The air was filled with diesel smoke and the sound of cracking lumber on the west side of Greenfield as demolition crews razed a house that sat behind the Church of Christ in the village for decades.
It is not clear how the parsonage, torn down last week to make space for church parking, came to be at 118 Edgewood Ave. in the village.
Some say it was built there 70 or 80 years ago. Others say it was moved there from North Street when houses were being moved to make room for the athletic field between McClain Street and North Street.
The Highland County Auditor’s Office lists the house as being built in 1901; however, according to local property owner and Greenfield Church of Christ board member Brent Johnson, that date may have just been entered for the purposes of having a date on record.
Johnson said no one really knows how old the house was, or how it got to where it stood.
The decision to raze the building was made earlier this year by the Greenfield Church of Christ Board of Directors.
The church owned the building and had used it as a parsonage since the 1960s. In 2010, the church’s youth pastor, Dusty Barrett, and his family moved in and held youth group meetings at the residence.
After they moved out, the house was left empty, and the church’s board was left to decide what to do with the property.
Johnson said church officials felt razing the building would be more beneficial than fixing it up, since demolishing it will leave space for parking and events.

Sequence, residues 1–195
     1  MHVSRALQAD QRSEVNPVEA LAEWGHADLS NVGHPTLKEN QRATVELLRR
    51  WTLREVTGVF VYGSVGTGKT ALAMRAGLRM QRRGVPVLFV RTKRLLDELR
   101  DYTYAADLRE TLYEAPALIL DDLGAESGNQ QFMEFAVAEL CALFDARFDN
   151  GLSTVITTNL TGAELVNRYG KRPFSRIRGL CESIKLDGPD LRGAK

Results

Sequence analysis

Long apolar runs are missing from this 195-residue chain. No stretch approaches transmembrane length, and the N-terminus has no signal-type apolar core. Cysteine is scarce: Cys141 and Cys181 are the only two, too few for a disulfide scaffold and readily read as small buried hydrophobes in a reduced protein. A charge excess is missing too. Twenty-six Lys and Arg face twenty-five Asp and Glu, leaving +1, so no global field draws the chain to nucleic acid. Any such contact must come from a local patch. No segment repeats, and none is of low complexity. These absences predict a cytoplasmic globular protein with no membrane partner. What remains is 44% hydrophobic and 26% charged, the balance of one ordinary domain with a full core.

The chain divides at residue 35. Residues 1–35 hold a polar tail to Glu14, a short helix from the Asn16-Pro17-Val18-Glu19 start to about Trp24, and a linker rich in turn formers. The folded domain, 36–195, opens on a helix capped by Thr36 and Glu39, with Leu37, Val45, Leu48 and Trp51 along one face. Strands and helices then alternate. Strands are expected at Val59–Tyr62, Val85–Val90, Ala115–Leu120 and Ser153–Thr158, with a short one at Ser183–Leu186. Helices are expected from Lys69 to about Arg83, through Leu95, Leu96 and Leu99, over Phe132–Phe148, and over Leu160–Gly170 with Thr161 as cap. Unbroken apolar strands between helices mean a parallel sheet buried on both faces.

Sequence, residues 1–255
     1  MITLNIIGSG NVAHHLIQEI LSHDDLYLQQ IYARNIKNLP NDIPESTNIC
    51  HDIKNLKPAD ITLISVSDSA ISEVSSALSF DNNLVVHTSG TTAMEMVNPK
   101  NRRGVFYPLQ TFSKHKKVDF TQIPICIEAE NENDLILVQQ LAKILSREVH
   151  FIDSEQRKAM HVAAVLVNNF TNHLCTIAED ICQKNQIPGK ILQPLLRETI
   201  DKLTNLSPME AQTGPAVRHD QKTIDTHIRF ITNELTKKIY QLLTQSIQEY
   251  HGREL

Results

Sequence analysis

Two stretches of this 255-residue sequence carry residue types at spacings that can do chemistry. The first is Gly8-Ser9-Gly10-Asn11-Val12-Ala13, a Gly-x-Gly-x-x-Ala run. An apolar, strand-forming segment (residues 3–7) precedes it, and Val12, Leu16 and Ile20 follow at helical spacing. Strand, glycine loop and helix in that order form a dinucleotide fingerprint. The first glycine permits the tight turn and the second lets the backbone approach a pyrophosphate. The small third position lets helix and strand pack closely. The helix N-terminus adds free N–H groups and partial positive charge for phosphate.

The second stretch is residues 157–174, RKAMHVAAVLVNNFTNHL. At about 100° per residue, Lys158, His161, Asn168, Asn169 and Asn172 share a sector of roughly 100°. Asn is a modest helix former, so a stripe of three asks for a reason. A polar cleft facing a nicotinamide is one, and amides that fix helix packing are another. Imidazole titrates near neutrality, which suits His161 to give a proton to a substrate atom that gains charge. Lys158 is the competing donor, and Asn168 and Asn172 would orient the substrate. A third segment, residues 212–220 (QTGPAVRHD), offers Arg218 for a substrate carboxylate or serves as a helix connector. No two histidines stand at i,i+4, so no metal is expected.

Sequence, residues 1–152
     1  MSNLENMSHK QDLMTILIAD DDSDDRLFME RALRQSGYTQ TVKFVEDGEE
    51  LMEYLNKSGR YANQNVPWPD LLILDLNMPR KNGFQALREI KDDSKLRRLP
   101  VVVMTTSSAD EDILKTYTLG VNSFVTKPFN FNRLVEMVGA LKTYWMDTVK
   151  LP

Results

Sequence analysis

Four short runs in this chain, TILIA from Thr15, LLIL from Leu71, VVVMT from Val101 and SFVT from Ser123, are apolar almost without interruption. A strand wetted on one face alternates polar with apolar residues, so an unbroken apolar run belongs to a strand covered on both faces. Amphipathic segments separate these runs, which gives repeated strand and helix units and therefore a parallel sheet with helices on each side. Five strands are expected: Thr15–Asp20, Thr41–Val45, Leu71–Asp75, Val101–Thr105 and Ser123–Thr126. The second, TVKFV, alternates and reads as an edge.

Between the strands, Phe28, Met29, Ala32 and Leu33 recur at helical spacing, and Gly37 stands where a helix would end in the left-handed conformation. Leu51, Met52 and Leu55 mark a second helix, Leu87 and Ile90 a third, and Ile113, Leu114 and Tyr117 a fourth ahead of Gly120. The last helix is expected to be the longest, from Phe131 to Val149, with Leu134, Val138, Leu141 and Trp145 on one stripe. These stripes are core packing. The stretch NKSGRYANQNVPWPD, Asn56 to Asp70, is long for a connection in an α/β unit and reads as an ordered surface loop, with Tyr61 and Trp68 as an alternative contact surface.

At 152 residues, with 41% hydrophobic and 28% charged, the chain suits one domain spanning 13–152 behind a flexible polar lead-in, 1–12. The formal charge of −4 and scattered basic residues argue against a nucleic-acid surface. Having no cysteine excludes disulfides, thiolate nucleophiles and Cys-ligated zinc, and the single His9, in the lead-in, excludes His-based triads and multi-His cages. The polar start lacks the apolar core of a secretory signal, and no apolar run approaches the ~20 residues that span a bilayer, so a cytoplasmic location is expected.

“We were actually going to re-do the parsonage for more youth center stuff, but it needs way too much work,” he said. “The ground where the parsonage is at is going to be cut down… so it will all be all yard. They are getting ready to re-blacktop the old parking lot as well as the new one we just installed, where the new gravel was put down.”
Johnson said the estimated date of completion for the project is sometime within the next month.
The Greenfield Church of Christ is currently pastored by Danny Dodds. Sunday School services begin at 9:30 a.m. and worship services begin at 10:30 a.m. An evening service is held at 6 p.m. every Wednesday.
The church regularly hosts several community-based events.
Two of the most popular are Light the Night at Halloween, where the church parking lot is transformed into a small, carnival like atmosphere with games and candy for kids.
The church also hosts a live nativity scene that begins in early December and runs through the Christmas season.
Johnson said the church currently supports eight mission fields on a regular basis, including orphanages in Ohio and mission work in Zimbabwe.
For more information on the Greenfield Church of Christ, the church office can be reached at 937-981-2484 or on Facebook at www.facebook.com/greenfieldcoc.
Mark Branham is a Greenfield resident and contributor to The Times-Gazette.
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